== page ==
Want to eat like a local when visiting Costa Rica? Then you need to head to the heart and soul of Costa Rica: the soda restaurant.
Costa Rican tourism is on steady rise which has inevitably brought fast food, American franchises and a muddling of traditional culture but one authentic tradition that hasn’t been lost are the sodas.
Sodas are what Ticos, local Costa Ricans, call a restaurant and they are usually open-spaced and serve traditional, Costa Rican cuisine. These local restaurants have maintained the traditions from generations past and are family owned which have led them to stand the test of time.
Cultured and well-informed tourists flock to the sodas to eat a delicious, Tico meal, that is casual and affordable. Nearly every soda serves the same items with vary little changes to the recipes depending on the region. These dishes have been carefully crafted and have maintained their authentic flavor since they have been passed down from family member to family member.
A few traditional items you will most likely see on a soda menu are:
Casado – Casado, translated as “married man”, is the quintessential dish of Costa Rica. It is most often served as lunch and consists of rice beans, meat (beef, chicken or seafood), a salad and a side usually of plantains or french fries.
Patacones (or tostones) – Fried plantains is a staple of Costa Rican cuisine and is often served with frijoles molidos or refried beans.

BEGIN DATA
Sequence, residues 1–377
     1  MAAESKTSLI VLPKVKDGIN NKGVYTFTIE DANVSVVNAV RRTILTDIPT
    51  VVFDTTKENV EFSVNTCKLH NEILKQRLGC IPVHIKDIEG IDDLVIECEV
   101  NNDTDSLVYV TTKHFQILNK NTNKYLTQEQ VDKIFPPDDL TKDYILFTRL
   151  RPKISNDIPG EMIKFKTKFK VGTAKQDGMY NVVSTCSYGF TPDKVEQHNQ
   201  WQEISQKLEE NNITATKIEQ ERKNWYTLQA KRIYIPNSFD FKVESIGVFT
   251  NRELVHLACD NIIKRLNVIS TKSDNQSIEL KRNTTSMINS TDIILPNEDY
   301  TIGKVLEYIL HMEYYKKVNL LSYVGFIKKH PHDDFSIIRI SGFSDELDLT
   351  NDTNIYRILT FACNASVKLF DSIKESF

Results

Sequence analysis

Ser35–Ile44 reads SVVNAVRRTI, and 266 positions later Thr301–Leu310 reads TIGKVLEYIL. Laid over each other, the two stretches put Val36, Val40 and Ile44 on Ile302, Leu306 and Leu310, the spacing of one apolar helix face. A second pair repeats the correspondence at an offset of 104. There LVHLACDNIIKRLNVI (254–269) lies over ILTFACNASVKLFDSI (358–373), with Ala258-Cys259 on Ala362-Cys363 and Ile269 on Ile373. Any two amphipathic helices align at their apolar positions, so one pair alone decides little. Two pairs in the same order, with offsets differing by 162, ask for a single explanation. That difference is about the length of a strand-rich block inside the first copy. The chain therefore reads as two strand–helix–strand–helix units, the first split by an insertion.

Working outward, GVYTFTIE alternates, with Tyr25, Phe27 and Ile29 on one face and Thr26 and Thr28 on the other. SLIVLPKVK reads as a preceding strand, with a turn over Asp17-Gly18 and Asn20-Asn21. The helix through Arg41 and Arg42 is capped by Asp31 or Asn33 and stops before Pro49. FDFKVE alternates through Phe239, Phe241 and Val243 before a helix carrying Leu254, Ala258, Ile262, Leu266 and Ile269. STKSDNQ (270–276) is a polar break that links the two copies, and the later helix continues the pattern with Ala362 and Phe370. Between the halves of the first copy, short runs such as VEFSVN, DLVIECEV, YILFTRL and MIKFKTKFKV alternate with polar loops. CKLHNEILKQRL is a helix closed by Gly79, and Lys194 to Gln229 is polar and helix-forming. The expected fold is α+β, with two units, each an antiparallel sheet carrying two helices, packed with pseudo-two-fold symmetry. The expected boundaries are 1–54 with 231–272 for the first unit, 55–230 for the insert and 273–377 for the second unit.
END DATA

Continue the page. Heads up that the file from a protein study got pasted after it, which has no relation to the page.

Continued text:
Arroz con pollo – This flavorful dish is a mixture of rice, chicken, peppers, onion and any other vegetables the chef decides to add. Its usually a large portion and may even be served with french fries.
Empanada – Inexpensive and full of flavor, Costa Rican empanadas are the country’s version of fast food. They are fried, corn tortillas stuffed with various meats (chicken, pork or beef) mixed with cheese and beans. Found in almost any soda, you an also try delicious empanadas at local stands on the street.
Gallo pinto – A typical breakfast dish found in almost any soda, gallo pinto consists of rice and beans mixed together, fried or scrambled eggs, beef, plantains and tortillas.
Batido – Frozen fruit drink mixed with water or milk.
Salsa Lozano – This sauce has become very popular throughout the country and is found at almost any soda. Its a tangy, sweet sauce that is most commonly put on casado and gallo pinto but pairs well with any Costa Rican dish.